AnyBody Modeling System™ in Medical/Rehab

Detailed knowledge of the forces in the human body are of crucial importance to the successful design and implantation of prosthetic devices. For planning of rehabilitative exercises and development and prescription of orthotics devices, the influence of external forces in the internal equilibrium is of utmost importance. The AnyBody Modeling System is the ideal tool for this purpose because it is capable of capturing the true complexity of the musculoskeletal system.

Gait analysis

Gait analysis is one of the real success stories of biomechanics. Today, gait laboratories are used routinely for investigation of a variety of conditions, for diagnostics and planning of surgery, and for rehabilitation. However, traditional gait analysis is almost exclusively about kinematics. It is possible to compute joint moments in the open-chain mechanisms formed by the lower extremities, but traditional gait analysis reveals little if anything about the internal forces in the body. Musculoskeletal analysis, as it can be performed by the AnyBody Modeling System, has the potential to change this.

This example presents an analysis of a gait cycle documented by Vaughan, Davis and O'Connor in their textbook "Dynamics of Human Gait - 2nd edition". The authors have kindly made the data available in the public domain on the homepage of the International Society of Biomechanics. We have used the dataset labeled "Man". Because the AnyBody Modeling System has such general capabilities of driving the kinematics, we are able to control the movement directly by means of the recorded marker trajectories. You can see the markers on the figure as small blue and grey spheres.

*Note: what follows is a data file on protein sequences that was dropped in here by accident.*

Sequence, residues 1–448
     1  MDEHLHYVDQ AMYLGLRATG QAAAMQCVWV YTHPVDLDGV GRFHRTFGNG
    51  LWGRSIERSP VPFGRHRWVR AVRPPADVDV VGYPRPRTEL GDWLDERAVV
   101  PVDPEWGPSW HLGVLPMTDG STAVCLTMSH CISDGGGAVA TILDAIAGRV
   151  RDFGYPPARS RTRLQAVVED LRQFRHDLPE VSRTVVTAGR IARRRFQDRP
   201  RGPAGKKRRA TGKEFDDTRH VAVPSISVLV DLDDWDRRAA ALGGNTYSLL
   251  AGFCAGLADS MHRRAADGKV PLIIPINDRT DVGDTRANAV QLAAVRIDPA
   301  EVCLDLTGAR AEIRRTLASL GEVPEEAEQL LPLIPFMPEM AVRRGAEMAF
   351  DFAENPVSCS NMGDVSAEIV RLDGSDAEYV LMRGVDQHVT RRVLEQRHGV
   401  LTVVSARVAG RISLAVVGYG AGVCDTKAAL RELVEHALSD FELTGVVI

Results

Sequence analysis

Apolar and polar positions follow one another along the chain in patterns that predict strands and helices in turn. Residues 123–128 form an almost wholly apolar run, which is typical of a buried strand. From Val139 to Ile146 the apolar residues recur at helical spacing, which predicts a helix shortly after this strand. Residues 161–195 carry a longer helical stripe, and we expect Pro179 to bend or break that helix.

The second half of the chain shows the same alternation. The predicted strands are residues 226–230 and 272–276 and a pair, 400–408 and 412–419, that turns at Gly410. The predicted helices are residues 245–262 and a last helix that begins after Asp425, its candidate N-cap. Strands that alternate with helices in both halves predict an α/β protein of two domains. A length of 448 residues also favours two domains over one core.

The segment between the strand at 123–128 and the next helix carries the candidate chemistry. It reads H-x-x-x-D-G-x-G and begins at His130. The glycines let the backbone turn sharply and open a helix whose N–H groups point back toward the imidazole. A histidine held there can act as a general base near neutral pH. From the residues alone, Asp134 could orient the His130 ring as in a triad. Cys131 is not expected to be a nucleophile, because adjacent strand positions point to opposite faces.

Here is a disclaimer: What we present here is a demonstration model. We do not have the correct anthropometric data for the test subject, and consequently some amount of discrepancy must be expected. In particular, since we drive the model directly by markers, differences in the segment lengths between the test subject and the model may lead to errors in the kinematics.

The ground reaction forces are also a part of the data set, and they are applied under the feet at the moving pressure centers. The model is balanced by a reaction force on the pelvis. This means that the weight and inertia of the lacking upper body are automatically compensated for by the reaction forces.

Vaughan at al also present normalized EMG data for selected muscles, and these can be compared with the muscle activity patterns simulated by AnyBody. Some of the results can be seen below:

When sufficient reliability of the gait model has been obtained, computations may replace more labor-intensive EMG measurements, and it is possible to use the technology to evaluate joint forces, which are very difficult to measure scientifically and impossible to measure in a clinical setting.


A very large proportion of wheelchair users experience load-induced shoulder pain. This happens after several years' use, and it can be a very serious condition for an individual relying entirely on the arms for ambulation. The wheelchair parameters such as wheel diameter, pushrim position, axle position, and camber influence the shoulder forces during use. But precisely how?

This is a field where the consequences of a design change do not appear until several years of use. This alone makes experimentation impossible. But it is also ethically unacceptable to fit wheelchairs to humans in any other way than following best practice. In other words, computer simulation is the only way to gain knowledge about the influence of the wheelchair design on body loads.

The depicted model investigates the gleno-humeral joint forces as a function of the axle position through a forward push on the pushrim. It is now possible to experiment with different design parameters to reduce the gleno-humeral forces as much as possible.